With each new piece I’ve written about my grandmother I’ve gone deeper into her life and her relationships. In 2018 I was commissioned to compose a piece for Park Sounds, a newly formed viola and percussion duo whose members are old friends Jen Thiessen and Ben Reimer. As I was starting work on it, my mother was starting a book about her childhood, particularly about her relationship to her older sister. She sent me a chapter, and in it I discovered another side of my grandmother: an artistic young woman who wanted to go to art school but whose life abruptly changed during and after World War Two. With my mother’s help, we edited the text to a kind of monologue that depicts my grandparents’ relationship and struggles before and after the war. The piece is titled I Wasn’t Meant for This and was premiered in October 2019.
The piece moves from Lenore’s disappointments of early motherhood on the farm and the racism she experienced from her in-laws, into her relationship with her husband, my grandfather, and the love they shared. The middle movement is based on a fiddle tune that recalls their experiences at community dances when my grandfather was playing in the band. The final movement recalls their struggles after the war and dealing with his PTSD. Their relationship was difficult; there were times when her deep Indigenous- based values clashed with his settler values, but he was nevertheless drawn to my grandmother and her family and found healing there. They had a beautiful, difficult, and complicated relationship.
My grandmother Lenore was resilient. There was a long period when she was raising kids and shouldering the farm work, while her husband was toiling at the local steel mill and farming around his shift work. But she also found time to develop her art and research her heritage. Then, when she was in her 50s and her children were mostly grown and independent, she finally attended university, enrolling in the Fine Arts program at the University of Manitoba and graduating in the late 1970s. So many of my memories of her picture her in her studio at the farm, working with stained glass, or standing behind an easel, or weaving on her loom. She was producing art until the day she died.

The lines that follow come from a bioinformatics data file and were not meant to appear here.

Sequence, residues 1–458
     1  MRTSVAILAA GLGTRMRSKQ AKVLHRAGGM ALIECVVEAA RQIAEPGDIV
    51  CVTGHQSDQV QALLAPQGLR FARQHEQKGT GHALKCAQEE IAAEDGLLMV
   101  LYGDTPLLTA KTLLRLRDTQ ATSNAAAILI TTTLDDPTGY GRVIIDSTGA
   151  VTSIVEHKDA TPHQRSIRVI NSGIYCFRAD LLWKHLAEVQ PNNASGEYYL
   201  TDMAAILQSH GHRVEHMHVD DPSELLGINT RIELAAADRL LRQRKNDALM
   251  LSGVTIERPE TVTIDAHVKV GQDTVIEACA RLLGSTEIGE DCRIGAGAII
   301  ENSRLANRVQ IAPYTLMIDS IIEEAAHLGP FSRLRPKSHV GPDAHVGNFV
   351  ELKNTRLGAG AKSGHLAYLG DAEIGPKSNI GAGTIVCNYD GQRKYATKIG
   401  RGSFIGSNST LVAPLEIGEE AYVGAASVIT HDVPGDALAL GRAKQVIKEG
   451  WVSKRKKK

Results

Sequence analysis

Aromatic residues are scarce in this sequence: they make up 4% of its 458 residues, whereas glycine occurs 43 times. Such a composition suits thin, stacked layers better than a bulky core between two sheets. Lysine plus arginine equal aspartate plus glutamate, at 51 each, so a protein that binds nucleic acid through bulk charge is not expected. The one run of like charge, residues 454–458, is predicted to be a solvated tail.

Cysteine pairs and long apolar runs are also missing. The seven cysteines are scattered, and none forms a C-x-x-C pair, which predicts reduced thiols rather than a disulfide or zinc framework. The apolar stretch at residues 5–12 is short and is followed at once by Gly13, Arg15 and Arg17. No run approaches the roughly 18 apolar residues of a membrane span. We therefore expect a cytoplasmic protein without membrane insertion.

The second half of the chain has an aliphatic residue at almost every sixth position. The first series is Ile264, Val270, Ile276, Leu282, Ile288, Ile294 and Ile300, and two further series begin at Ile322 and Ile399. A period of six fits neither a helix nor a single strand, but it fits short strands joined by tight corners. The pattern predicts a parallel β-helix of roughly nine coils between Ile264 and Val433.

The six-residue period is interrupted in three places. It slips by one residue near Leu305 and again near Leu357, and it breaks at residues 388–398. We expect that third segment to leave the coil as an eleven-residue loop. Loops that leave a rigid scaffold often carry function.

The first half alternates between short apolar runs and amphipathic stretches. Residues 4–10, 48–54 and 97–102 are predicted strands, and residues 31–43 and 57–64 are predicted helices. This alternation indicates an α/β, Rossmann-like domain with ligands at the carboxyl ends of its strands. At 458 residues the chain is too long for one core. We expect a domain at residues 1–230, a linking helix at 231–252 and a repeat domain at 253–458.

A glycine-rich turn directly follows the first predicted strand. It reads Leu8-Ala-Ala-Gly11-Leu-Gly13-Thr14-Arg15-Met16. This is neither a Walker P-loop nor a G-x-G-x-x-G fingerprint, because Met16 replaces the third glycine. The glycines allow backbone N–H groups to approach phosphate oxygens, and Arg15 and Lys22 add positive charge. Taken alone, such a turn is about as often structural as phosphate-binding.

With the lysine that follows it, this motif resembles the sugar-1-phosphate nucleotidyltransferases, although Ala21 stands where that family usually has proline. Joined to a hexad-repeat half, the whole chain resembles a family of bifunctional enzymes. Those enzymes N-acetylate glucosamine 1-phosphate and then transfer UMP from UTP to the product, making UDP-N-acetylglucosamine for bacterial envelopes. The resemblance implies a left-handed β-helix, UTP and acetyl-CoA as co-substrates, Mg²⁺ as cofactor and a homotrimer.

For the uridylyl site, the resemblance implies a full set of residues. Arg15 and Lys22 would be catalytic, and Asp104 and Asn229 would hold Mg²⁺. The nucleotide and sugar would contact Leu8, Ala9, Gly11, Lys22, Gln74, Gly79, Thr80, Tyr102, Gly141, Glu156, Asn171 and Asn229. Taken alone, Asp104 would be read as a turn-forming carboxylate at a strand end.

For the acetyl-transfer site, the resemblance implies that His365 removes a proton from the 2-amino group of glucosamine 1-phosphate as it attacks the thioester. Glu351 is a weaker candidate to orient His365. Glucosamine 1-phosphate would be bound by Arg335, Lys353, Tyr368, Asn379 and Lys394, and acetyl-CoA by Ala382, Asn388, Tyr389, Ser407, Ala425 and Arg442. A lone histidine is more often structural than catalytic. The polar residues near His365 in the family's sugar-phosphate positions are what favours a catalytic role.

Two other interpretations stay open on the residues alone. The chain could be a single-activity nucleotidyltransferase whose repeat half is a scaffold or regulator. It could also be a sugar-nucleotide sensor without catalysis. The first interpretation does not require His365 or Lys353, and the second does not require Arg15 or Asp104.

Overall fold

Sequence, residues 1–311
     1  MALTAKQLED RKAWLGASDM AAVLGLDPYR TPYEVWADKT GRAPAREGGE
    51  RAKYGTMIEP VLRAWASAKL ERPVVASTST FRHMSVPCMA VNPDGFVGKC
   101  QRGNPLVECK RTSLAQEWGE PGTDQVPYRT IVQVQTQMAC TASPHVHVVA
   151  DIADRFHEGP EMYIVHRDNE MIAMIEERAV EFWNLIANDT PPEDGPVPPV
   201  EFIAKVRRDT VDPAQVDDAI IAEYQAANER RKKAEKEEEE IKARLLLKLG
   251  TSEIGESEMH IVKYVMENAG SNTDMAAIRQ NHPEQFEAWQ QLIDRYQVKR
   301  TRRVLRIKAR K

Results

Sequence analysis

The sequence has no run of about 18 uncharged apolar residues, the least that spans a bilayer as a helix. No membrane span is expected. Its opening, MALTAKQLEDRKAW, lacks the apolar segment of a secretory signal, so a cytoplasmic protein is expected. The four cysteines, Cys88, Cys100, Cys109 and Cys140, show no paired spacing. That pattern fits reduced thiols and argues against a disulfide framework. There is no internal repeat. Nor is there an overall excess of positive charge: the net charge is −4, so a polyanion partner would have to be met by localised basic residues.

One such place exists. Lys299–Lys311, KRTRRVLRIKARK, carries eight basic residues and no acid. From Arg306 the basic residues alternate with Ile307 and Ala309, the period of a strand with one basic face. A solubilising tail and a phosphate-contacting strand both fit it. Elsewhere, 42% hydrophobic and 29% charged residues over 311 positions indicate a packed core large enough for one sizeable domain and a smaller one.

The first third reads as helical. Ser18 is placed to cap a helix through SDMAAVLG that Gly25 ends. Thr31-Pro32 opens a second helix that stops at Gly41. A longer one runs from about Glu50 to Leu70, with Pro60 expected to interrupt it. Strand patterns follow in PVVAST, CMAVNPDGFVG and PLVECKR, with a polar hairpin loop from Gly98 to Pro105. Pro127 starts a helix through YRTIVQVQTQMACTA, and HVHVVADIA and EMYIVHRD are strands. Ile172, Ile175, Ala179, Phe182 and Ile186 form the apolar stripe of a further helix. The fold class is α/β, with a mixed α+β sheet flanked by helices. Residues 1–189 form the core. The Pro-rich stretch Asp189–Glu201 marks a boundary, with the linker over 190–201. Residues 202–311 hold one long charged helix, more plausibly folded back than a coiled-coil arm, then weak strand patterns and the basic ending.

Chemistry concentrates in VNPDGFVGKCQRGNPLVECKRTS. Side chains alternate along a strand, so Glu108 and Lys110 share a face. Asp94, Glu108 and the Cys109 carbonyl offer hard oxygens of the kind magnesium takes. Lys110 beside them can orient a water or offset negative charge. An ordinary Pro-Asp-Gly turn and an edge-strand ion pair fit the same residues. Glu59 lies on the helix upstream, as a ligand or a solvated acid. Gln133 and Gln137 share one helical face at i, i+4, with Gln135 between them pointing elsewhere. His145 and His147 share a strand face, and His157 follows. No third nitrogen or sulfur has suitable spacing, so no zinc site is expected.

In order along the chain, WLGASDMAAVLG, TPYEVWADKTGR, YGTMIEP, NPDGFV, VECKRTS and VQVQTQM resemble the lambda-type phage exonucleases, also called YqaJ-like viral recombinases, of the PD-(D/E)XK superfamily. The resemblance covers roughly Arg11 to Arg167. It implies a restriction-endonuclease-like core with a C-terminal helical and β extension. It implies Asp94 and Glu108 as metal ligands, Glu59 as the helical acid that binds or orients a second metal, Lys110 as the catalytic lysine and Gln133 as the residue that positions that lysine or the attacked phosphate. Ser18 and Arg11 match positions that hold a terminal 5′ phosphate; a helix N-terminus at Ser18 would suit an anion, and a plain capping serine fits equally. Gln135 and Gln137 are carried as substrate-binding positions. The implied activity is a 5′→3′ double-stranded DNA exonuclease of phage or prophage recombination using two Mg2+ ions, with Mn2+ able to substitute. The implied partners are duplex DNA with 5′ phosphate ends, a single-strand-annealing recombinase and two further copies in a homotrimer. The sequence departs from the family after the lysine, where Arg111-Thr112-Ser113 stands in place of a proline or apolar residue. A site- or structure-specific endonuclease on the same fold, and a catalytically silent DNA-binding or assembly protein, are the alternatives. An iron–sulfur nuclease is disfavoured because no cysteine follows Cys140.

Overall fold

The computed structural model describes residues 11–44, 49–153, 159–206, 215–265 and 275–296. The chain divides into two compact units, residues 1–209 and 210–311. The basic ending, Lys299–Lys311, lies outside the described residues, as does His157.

3. Settler Trauma: Great-great-grandmother Matilda
When visiting the family farm, we often heard stories about the community and our ancestors. The most heartbreaking of these stories was about Matilda Clouston, who was from the settler side of the family—my grandfather’s family, the Cloustons—who came from Orkney, off Scotland’s northeastern coast. Many of my Métis ancestors worked at the Manitoba Asylum, now known as the Selkirk Mental Health Centre, and knew Matilda from there. My grandfather Jack Clouston was her grandson. My mother’s Métis family said she suffered because she didn’t have a community.
♫ Never to Return
I decided to explore Matilda’s story for a second piece that I was commissioned to write for the Manitoba Chamber Orchestra in 2013. At the time, I was dealing with my own closeness to mental illness, as I watched my mother struggle with situational depression. (By 2013 she was recovering, much to the relief of all of us.) To deal with my feelings of helplessness and anger about her situation, and to try to understand the life circumstances that can lead to mental illness, I explored Matilda’s story through my music.